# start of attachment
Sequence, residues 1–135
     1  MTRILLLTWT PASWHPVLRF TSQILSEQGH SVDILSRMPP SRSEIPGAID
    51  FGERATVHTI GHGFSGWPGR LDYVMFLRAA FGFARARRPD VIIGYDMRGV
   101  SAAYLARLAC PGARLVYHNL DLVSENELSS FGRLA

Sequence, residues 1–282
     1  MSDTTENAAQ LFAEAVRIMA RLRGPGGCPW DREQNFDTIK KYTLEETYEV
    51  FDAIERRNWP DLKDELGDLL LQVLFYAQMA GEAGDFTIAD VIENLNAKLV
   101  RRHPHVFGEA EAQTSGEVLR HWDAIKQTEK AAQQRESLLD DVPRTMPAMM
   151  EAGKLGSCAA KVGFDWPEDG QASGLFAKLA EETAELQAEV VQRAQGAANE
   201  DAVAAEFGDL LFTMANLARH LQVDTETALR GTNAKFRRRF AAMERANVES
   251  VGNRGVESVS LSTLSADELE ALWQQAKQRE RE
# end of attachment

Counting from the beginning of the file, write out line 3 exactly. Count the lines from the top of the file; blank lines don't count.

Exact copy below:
    51  FGERATVHTI GHGFSGWPGR LDYVMFLRAA FGFARARRPD VIIGYDMRGV